IDAHOBIT: Has acceptance of homosexuality peaked in the UK?

After decades of increases in popular LGBT acceptance, data suggests the change is slowing down.

To mark International Day Against Homophobia, Transphobia and Biphobia, the University of Manchester has released new research that suggests that British society may be reaching ‘peak acceptance’ of gay people.

A series of changes to the law including the equalisation of the age of consent in 2001, the repeal of Section 28 in 2003 and the legalisation of same-sex marriage in 2013 have given gay people equality in the eyes of the law.

These changes have happened alongside a marked shift in society’s attitude towards homosexuality, which has become much more accepting.

Dr Laura Watt and Professor Mark Elliot studied data from the National Survey of Sexual Attitudes and Lifestyles to find out how people’s opinions towards same-sex relationships have changed since 1990.

In 2010, 27 percent of 16-44 year olds viewed same-sex relationships between men as always or mostly wrong compared to 60 percent in 1990. For female gay relationships, the numbers were 23 percent in 2010 compared with 58 percent in 1990.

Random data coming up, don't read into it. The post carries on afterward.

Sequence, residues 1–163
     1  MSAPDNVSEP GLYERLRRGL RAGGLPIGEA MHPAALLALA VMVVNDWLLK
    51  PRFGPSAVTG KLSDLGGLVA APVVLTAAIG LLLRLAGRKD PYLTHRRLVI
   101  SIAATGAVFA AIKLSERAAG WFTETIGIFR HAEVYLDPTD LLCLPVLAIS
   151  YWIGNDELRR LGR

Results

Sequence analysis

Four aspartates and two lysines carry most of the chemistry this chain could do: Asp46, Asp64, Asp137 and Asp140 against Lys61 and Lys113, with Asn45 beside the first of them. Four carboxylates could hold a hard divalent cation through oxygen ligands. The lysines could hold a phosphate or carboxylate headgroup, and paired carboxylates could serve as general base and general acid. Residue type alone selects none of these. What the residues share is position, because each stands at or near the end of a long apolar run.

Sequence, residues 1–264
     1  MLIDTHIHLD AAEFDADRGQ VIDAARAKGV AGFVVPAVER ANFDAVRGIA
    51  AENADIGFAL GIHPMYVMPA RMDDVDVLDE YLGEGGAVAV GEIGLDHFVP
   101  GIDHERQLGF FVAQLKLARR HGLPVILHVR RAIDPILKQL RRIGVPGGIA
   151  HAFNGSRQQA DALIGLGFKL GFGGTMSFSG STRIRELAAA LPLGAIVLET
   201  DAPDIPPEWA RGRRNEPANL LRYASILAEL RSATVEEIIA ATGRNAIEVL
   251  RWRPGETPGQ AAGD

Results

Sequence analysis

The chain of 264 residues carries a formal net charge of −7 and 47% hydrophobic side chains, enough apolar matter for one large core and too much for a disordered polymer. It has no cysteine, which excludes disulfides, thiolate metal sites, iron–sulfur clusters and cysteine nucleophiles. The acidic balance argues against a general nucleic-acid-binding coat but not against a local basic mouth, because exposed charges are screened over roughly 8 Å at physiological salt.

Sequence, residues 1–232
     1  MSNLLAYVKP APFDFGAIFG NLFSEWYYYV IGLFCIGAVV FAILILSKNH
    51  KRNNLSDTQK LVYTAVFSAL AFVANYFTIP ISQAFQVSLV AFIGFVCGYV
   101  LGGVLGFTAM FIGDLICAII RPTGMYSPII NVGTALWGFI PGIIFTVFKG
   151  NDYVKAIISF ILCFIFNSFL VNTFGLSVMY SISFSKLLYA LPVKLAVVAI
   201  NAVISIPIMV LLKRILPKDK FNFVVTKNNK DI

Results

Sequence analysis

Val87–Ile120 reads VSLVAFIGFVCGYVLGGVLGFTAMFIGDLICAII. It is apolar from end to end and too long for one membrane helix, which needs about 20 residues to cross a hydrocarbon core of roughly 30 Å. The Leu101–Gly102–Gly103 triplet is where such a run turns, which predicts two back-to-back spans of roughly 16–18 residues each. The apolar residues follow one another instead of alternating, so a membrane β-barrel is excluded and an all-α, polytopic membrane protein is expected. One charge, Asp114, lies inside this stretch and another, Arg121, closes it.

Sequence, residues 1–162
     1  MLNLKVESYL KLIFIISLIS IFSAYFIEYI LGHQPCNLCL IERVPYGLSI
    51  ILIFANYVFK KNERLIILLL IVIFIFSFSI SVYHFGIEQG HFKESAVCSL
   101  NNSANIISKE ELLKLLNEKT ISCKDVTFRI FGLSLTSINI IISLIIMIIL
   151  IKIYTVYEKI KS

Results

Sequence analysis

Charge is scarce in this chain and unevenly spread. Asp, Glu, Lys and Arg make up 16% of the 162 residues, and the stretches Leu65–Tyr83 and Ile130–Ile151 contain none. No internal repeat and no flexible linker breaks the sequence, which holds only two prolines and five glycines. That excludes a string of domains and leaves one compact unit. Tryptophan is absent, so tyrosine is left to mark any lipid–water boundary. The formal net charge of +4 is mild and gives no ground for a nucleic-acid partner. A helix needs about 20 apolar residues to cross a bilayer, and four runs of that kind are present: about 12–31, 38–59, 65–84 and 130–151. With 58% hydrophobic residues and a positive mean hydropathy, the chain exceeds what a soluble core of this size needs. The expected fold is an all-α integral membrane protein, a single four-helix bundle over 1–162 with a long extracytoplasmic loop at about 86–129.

While these figures show a massive rise in acceptance of same-sex relationships, this trend has significantly slowed down – suggesting Britain might see a peak level of acceptance for same-sex relationships rather than reaching blanket approval.

In 1990, a person’s education level was more strongly associated with their attitude towards homosexuality than either their religiosity or ethnicity – those educated to degree level were less likely to view same-sex relationships as wrong.

However, by 2010 a person’s religiosity and ethnicity were more associated with their attitudes towards homosexuality than their education.

Watt and Elliot also observed huge differences in the attitudes of certain groups.

In 2010, 58 percent of Black and South Asian 16-44 year olds believed same-sex relationships were always wrong (down from 67 percent in 1990) – in contrast, only 12 percent of white respondents in this age group held this view (down from 46 percent).

This gap is also reflected in religiosity – in 2010 60 percent of 16-44 year olds who attended religious services at least once a week viewed homosexuality as always wrong (down from 68 percent in 1990), compared with just 11 percent of those who didn’t identify as religious (down from 43 percent).

Men are also more likely than women to regard same-sex relationships (particularly between two men) as wrong.

Dr Watt said: “Evidence suggests that around 10 percent of people who identify as lesbian or gay still experience homophobia in the workplace.

“Regardless of the fact that we have had a huge policy shift in the UK, the fact that by 2010 around a fifth of the 16 to 44 year old population still viewed gay relationships as wrong shows this is still an issue that needs to be tackled.”